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Pyridoxine (vitamin B6) Deficiency

Pyridoxine Deficiency

Pyridoxine (Vitamin B6) Deficiency

Vitamin B6, also called pyridoxine, helps the chicken's body make several neurotransmitter chemicals that carry signals from one nerve cell to another. It is required by several enzymes, including those involved in the breakdown of amino acids.
Pyridoxine chemical formula

Chicks fed a vitamin B6-deficient diet have little appetite poor growth, chondrodystrophy, and characteristic nervous behavior. Chicks may show jerky, nervous movements of the legs, run aimlessly about, flapping their wings, or squatting with their wings slightly spread out and their heads resting on the ground. Chronic borderline B6 deficiency produces perosis; usually one leg is severely crippled, and one or both of the middle toes may be bent inward at the first joint.

Dietary requirement
Vitamin B6 requirements generally vary from 2.5 to 4.5 mg per kg (1.4 to 2 mg per lb) of diet (NRC, 1994). The amount of vitamin B6 required is influenced by the percentage of protein in the chicks' diet. Chicks on a high protein level require increased amounts of vitamin B6, since vitamin B6 is needed to breakdown the amino acids. In addition, depending on the breed of chicken, it might require increased vitamin B6. Lucas et al. (1946) found that crossbred chicks (Rhode Island Red x Barred Plymouth Rock) showed a considerably higher requirement for pyridoxine (B6) than had previously been found for White Leghorn chicks.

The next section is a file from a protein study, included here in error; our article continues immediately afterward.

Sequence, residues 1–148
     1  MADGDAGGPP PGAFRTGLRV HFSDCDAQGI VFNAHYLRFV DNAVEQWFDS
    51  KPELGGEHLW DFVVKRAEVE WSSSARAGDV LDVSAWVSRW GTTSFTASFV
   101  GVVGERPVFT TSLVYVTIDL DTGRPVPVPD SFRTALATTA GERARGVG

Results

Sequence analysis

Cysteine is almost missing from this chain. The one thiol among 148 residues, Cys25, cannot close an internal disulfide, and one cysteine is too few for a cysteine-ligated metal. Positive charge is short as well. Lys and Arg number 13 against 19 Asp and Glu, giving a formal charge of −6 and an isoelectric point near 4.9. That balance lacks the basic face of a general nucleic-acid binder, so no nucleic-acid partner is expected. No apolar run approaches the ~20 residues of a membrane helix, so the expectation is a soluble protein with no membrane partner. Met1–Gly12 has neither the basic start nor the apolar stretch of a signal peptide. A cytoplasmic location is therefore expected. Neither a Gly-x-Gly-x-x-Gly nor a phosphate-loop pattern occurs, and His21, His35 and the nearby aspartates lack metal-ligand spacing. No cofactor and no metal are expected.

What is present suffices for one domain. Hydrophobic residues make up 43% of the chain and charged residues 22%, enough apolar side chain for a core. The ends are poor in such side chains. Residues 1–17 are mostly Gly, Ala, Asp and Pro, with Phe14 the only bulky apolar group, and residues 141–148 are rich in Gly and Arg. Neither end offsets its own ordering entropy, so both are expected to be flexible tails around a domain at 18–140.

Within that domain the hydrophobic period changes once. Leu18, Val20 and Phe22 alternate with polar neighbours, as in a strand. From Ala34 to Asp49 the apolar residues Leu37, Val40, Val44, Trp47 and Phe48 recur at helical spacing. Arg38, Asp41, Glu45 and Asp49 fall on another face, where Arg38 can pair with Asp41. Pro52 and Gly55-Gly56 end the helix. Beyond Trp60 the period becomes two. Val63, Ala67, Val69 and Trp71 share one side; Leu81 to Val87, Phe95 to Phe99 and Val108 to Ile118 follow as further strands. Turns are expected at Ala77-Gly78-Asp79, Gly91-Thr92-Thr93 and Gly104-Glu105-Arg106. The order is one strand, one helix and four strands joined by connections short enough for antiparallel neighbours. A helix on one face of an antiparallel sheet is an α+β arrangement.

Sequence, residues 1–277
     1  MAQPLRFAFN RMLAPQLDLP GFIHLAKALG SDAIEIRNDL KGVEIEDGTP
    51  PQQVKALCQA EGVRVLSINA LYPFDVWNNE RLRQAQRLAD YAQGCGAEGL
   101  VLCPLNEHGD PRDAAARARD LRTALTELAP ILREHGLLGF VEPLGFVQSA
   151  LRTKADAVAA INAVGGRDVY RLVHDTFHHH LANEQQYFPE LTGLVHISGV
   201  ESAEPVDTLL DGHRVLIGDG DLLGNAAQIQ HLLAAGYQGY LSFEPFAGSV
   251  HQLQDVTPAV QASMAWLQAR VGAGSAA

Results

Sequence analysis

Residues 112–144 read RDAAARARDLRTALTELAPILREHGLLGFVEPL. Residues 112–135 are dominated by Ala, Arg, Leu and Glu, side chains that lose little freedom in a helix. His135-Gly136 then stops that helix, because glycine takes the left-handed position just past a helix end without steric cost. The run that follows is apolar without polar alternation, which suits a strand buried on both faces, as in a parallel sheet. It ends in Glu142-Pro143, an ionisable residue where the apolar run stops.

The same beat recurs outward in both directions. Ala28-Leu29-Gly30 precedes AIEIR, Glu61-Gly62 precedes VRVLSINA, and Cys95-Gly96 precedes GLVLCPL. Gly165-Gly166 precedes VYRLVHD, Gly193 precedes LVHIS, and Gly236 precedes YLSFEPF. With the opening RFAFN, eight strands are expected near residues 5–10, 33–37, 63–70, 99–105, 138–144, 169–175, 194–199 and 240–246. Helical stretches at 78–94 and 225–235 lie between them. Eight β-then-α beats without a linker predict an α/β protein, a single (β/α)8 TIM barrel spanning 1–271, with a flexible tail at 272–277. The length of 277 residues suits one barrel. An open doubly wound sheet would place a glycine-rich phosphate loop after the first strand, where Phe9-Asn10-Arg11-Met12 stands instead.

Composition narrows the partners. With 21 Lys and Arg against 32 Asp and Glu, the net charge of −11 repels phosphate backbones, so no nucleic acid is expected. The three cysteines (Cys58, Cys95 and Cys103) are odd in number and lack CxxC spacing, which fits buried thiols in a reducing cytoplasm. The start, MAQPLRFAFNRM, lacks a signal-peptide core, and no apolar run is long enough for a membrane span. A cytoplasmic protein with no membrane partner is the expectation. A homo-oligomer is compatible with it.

Clinical Signs

Jerky nervous walking
Aimlessly running and flapping wings
Facial swelling
Little to no appetite
Stunted growth
Squating w/ wings spread out
Heads resting on the ground
Easily excitable
Drooping wings


  • History
  • Clinical signs
  • Physical exam
  • Nutritional analysis of diet


Supportive careIsolate the bird from the flock and place in a safe, comfortable, warm location (your own chicken "intensive care unit") with easy access to water and food. Limit stress.
Vitamin B6Provide oral supplements of vitamin B6 or vitamin b6-rich food sources, such asred hot peppers, bran cereal flakes, cheerios, rice bran, sage, garlic powder, peanut butter, dried spearmint, dried tarragon, dried basil.


Scientific References

Risk Factors

  • Feeding an unbalanced or limited diet to birds